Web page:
(Accessed 16 June 2012)
Clinical Trials Have Gone Global: Is This a Good Thing?
Trudie Lang, Sisira Siribaddana
Essay, published 12 Jun 2012
- Clinical trials are conducted across the globe for perfectly good reasons. This is positive because populations in developing countries are under-represented in research.
- Research sites in developing countries benefit from working with externally sponsored clinical trials because they benefit from increased capacity development and investment.
- Locally led research is becoming harder to undertake in developing countries because of complex trial regulations and administrative burdens. There should be a balance between local and externally led trials.
- There is a need for more trials that compare different approaches to managing disease and health issues. This is especially true in low-income settings where simple interventions could make significant improvements to health outcomes if there was evidence to support implementation.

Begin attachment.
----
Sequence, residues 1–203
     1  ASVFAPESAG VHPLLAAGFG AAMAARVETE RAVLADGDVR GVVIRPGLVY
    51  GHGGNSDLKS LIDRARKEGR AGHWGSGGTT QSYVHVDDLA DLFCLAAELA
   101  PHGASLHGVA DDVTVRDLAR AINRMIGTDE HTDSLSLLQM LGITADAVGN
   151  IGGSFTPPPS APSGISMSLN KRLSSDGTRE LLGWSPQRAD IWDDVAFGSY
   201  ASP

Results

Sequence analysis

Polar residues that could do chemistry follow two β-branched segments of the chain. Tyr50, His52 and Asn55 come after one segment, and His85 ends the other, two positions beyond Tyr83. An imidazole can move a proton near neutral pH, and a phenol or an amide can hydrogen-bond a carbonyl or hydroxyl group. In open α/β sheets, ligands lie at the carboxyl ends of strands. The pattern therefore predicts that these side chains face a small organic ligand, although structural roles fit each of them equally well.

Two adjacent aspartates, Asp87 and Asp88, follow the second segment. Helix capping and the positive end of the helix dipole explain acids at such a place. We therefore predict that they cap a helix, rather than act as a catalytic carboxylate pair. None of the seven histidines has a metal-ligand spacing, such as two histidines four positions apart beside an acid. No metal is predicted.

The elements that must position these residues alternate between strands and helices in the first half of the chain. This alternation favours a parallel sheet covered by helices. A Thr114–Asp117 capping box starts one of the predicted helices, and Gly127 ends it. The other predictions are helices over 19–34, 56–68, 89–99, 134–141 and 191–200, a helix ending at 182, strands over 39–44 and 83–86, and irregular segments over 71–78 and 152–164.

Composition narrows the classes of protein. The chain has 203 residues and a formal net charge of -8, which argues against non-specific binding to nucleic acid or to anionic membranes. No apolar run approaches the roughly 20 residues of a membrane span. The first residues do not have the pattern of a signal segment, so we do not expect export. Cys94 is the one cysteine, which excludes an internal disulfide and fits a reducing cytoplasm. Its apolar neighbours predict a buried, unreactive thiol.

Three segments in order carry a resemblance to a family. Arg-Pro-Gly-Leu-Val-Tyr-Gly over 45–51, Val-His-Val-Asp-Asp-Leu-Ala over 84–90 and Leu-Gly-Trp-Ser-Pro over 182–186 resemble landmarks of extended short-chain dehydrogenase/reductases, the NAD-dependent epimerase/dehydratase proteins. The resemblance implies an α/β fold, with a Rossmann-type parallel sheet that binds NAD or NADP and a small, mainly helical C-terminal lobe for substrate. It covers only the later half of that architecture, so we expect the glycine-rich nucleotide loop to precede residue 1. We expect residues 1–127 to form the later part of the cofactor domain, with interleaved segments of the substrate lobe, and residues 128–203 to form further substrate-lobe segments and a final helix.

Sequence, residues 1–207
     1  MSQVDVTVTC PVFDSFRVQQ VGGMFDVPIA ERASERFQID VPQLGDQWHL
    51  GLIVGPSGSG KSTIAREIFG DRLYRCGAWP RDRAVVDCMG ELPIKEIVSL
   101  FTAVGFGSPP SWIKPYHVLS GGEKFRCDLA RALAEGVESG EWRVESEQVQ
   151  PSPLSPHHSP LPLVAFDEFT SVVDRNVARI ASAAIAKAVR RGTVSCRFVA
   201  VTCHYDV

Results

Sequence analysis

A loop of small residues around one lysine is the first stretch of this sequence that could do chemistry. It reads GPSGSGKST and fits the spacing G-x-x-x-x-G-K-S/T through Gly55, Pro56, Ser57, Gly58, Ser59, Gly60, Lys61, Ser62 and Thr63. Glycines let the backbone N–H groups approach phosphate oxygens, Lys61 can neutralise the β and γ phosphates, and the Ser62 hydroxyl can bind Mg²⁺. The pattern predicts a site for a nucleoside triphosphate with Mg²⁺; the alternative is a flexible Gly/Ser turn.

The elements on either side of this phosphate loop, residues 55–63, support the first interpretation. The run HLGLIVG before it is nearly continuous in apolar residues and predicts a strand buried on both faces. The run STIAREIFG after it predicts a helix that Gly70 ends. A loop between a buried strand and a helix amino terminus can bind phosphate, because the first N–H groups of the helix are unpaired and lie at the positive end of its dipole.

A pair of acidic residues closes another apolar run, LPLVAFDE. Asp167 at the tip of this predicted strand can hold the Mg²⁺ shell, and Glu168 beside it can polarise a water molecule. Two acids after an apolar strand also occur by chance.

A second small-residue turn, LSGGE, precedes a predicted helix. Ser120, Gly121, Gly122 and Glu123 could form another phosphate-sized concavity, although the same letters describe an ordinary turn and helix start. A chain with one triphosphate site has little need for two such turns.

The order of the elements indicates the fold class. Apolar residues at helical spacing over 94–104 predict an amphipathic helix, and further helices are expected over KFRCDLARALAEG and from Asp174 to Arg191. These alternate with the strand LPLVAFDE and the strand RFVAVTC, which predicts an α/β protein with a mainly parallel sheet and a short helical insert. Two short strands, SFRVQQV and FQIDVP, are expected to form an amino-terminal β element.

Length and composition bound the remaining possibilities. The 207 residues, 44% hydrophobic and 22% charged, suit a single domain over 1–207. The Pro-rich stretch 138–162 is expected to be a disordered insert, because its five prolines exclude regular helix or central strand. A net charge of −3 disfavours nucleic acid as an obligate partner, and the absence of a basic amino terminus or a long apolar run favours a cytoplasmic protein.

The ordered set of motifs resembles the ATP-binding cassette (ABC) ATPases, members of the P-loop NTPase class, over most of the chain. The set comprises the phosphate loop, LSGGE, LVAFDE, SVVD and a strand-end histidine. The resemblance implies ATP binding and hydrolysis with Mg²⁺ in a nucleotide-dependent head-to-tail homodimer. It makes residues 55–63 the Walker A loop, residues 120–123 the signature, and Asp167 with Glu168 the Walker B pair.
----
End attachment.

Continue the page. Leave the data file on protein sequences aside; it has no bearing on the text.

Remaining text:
- Clinical trials operations should be specific to the risk and complexity of each trial and not governed by one-size-fits-all requirements of sponsors and their contracted organisations. Overly burdening trials with too-rigorous requirements is pushing up costs and putting off investigators to undertake research.
- Trials in low-income settings need to contribute to clinical trial methodology research efforts.